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Homegrown Music with George Graham

Listen Tuesdays at 9pm on WVIA Radio

About the Show

Homegrown Music with George Graham presents a wide range of rock, folk, bluegrass, jazz, blues, reggae, World Music, fusion, etc., in short, all the types of music that Mixed Bag presents, with new studio sessions from the region's finest and most creative musicians. The emphasis is on all-original material, or highly original interpretations of old, obscure, or seldom-heard music. Each show features a different performance, with occasional encore broadcasts from the series' nearly 40-year archive.

Full concert audio for select performances can be found here.

April 6

Joe Rollin Porter. A traditional-style folksinger, Ohioan Joe Rollin Porter released an album called Take This Hammer in 2018, which has been featured on WVIA’s Mixed Bag. This encore of his 2018 session features a set of his interpretations of traditional songs, with some very impressive finger style guitar playing.

April 7

A Homegrown Jazz Special with the 3D Jazz Trio. Also known as 3 Divas, this all star group was formed by Diva Orchestra leader and drummer Sherri Maricle with pianist Jackie Warren and bassist Amy Shook. They have released two acclaimed albums so far, and made three Homegrown Music appearances, including a live concert. This recording from 2020 is the trio’s second studio session, and was the last Homegrown Music session done before the pandemic shutdown. (Note: Start time: 7:00 PM)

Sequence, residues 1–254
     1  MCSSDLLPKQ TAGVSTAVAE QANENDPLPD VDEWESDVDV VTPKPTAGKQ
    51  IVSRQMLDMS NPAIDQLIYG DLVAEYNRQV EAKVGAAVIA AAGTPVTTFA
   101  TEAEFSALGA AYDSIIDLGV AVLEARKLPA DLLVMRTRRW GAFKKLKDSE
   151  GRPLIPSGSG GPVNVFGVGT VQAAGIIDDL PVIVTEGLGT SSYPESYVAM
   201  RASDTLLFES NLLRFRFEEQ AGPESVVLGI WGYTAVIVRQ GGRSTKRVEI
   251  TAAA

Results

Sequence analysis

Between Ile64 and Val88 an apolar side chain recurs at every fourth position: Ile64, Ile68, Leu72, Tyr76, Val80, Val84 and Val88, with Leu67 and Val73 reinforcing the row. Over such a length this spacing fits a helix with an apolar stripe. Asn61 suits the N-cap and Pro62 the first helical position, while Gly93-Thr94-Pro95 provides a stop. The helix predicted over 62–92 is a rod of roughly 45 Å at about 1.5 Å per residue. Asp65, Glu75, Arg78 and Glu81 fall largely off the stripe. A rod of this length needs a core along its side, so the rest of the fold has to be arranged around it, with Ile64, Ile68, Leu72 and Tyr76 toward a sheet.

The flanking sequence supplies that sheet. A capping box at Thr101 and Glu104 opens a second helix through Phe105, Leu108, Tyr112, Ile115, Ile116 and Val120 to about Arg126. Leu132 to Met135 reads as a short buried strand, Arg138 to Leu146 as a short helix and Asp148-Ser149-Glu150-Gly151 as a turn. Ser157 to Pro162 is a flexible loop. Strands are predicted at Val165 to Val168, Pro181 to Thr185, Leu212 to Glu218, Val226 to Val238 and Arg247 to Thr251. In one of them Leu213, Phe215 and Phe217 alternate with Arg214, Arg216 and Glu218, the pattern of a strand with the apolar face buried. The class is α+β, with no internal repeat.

April 13

Bourbon Express. A great retro old-school country style band with appealing original tunes, Bourbon Express released their debut album One Big Losin' Streak in 2016 which received national airplay, including on WVIA's Mixed Bag. This encore presents their 2016 Homegrown Music session including a number of songs not on their album.

April 14

A Homegrown Jazz Special with Bill Mays and the Inventions Trio. WVIA’s Jazz Appreciation Month specials continue with this delightful 2012 session by a distinctive threesome with pianist Mays, trumpet luminary Marvin Stamm and cellist Alisa Horn. It presents an original suite by Mays plus arrangements of music by Thelonious Monk, Chick Corea, and Bill Evans. This memorable session became the Chiaroscuro release Life’s a Movie. (Note: Start time: 7:00 PM)

April 20

OtiS. A first-rate large funk band with horns, OTiS put in a memorable Homegrown Music session in 2012. The band unfortunately went their separate ways not long after this session. They released an album called Elevator around that time, but this Homegrown Music session captures this tight, energetic band at their best.

April 21

A Homegrown Jazz Special with the Jay Leonhart Trio. Bassist extraordinare, composer and vocalist Jay Leonhart has worked with many of the greats in jazz, appearing on scores of albums in a lengthy and stellar career. He’s also a witty songwriter, and this encore of a 2017 live Homegrown Music concert features Leonhart performing his songs with a trio including Tomoko Ohno on piano and Sherrie Maricle on drums. (Note: Start time: 7:00 PM)

April 27

From Good Homes. From the Homegrown Music archive comes this collection of songs by a folk-rock band which achieved considerable success nationally in the 1990s and was the subject of a documentary film. The group’s founder Todd Scheaffer would go on to co-found the popular jam band Railroad Earth. Music from the band’s 1980s Homegrown Music sessions is featured.

April 28